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Thursday, July 08, 2010

The Social Gospel: Spread the Wealth

Over at, the general opinion is that that new 18% Boston archdiocesan chancery tax on parishes will cause more parishes to close.

While I don't doubt a few more parishes WILL close as a result of the tax, that isn't where the closures are really going to take place.

Parochial schools suck up to 90% of parish revenue if given the opportunity.
Most dioceses have rules in place that will limit the damage to 50% of parish revenue - the rest has to be made up by tuition and donations.

But regardless of the precise percentage, the largest single ravenous maw in the parish belly is the parish school.

Now, if a parish suddenly sees its chancery tax (the amount of money it pays to the chancery each year to keep the chancery functioning and pay all the salaries for those... employees...) raised, the funds to pay that money has to come from somewhere.

And the biggest hole in the revenue stream is always going to be the parish school.

My apologies to Diogenes, but Boston isn't going to close parishes, or at least, it won't begin by closing parishes.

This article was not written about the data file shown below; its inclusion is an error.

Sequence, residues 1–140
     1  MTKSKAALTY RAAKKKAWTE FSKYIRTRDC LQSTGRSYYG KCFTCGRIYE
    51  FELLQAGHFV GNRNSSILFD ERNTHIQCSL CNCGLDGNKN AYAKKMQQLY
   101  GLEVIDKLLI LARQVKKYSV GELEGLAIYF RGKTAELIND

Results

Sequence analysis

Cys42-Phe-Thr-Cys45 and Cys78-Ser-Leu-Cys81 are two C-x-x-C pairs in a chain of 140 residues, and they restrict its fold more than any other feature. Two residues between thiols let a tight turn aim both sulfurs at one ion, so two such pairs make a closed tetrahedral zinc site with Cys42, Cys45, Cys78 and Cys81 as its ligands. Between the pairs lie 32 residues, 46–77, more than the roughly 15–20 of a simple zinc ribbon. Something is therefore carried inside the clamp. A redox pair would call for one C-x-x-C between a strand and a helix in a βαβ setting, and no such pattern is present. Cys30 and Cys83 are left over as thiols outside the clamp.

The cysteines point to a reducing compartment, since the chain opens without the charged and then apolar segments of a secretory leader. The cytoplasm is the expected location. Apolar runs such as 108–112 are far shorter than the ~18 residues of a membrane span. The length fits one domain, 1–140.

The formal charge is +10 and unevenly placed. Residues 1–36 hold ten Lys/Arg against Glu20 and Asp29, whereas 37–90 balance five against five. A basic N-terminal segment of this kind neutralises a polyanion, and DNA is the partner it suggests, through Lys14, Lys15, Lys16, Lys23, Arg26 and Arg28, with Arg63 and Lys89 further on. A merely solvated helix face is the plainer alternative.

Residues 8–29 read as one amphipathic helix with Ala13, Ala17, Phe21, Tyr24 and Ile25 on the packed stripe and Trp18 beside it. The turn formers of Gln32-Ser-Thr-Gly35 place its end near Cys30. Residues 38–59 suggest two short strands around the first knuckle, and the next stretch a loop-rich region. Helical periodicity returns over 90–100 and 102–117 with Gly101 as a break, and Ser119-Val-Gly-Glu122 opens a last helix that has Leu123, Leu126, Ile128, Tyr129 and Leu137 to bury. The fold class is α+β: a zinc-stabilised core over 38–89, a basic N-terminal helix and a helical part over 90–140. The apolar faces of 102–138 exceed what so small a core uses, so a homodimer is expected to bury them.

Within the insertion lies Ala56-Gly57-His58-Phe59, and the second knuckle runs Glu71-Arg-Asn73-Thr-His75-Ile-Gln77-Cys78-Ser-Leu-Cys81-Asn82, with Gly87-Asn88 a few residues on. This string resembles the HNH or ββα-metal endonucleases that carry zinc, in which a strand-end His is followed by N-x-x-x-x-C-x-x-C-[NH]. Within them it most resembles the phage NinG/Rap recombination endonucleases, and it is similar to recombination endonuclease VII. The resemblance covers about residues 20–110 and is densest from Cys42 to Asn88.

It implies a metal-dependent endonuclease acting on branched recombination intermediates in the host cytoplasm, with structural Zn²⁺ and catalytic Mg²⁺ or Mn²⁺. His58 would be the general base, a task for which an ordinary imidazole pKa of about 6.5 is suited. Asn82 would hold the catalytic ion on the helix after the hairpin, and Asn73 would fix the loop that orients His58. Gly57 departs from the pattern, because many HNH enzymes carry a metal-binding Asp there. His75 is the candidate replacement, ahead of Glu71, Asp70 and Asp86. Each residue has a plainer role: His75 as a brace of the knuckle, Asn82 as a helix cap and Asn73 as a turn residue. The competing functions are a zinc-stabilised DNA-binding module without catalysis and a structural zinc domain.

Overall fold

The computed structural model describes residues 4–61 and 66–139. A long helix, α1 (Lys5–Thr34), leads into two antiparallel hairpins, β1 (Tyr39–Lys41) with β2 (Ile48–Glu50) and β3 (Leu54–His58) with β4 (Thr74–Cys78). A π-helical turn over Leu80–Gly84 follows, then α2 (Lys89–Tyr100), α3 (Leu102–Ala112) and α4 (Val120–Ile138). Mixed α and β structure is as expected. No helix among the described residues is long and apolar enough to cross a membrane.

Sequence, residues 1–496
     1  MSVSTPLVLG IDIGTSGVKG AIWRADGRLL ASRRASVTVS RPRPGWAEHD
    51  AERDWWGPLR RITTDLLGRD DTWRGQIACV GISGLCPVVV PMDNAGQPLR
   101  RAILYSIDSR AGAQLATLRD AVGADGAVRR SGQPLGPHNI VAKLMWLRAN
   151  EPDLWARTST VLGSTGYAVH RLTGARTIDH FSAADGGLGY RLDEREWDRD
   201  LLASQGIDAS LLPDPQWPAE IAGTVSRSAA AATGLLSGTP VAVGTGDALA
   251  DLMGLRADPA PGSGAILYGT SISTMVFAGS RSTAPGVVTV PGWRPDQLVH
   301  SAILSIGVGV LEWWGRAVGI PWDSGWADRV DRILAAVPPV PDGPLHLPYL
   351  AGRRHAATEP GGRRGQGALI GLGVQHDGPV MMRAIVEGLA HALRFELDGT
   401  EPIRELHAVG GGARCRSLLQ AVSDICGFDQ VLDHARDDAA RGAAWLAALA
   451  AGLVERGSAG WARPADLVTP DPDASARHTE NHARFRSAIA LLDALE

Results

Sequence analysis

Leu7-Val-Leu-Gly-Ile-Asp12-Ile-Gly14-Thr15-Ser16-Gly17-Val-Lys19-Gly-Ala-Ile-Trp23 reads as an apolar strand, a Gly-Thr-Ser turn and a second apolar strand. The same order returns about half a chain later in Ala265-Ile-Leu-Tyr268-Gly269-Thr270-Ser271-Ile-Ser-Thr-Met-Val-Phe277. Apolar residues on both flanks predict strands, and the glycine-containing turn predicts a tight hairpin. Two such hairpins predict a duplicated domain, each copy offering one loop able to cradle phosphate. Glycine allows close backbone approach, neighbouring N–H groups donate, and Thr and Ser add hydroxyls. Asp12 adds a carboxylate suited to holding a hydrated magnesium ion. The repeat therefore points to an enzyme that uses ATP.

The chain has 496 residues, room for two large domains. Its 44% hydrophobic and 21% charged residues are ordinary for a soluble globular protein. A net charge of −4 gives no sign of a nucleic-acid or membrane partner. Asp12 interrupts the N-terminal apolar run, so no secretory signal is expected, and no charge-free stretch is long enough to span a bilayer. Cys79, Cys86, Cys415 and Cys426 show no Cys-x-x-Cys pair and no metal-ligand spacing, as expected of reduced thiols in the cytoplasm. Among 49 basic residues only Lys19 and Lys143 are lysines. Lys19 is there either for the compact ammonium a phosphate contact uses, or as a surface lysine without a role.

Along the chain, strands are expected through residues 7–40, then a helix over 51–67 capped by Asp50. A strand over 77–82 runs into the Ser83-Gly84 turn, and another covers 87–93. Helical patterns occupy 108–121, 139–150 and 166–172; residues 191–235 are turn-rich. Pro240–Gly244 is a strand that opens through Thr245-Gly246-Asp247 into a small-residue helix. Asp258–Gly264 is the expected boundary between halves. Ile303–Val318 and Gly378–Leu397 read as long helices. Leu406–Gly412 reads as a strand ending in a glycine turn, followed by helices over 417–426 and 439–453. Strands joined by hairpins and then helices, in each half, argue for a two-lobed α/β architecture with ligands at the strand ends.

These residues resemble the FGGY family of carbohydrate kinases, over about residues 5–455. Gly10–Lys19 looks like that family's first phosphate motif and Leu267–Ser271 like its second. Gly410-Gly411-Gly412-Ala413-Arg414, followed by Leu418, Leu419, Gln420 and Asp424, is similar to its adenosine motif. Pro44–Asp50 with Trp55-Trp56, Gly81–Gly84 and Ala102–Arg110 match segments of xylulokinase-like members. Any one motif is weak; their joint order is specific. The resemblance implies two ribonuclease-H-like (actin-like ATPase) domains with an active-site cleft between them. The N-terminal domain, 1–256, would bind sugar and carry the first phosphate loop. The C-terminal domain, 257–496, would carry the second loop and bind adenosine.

The last thing any bishop closes is a parish.
No, it will begin by closing down the parochial schools.

Now, this will increase homeschooling, as Catholic parents desperately try to keep their kids out of failing public schools, but most parents aren't interested in homeschooling, and there aren't enough private schools in Boston to absorb the influx.

So, the vast majority of the newly displaced population will end up in the public school system, which will have to increase property taxes in order to make up the shortfall from the increased costs of the new students.

You can see where this is headed.

Ultimately, Boston WASPs will pay for the Catholic sexual abuse scandal.

And thus, the tenets of the social gospel will be fulfilled: from each according to his ability, to each according to his need.

If anyone wanted to see "social justice" in action, meditate on Boston.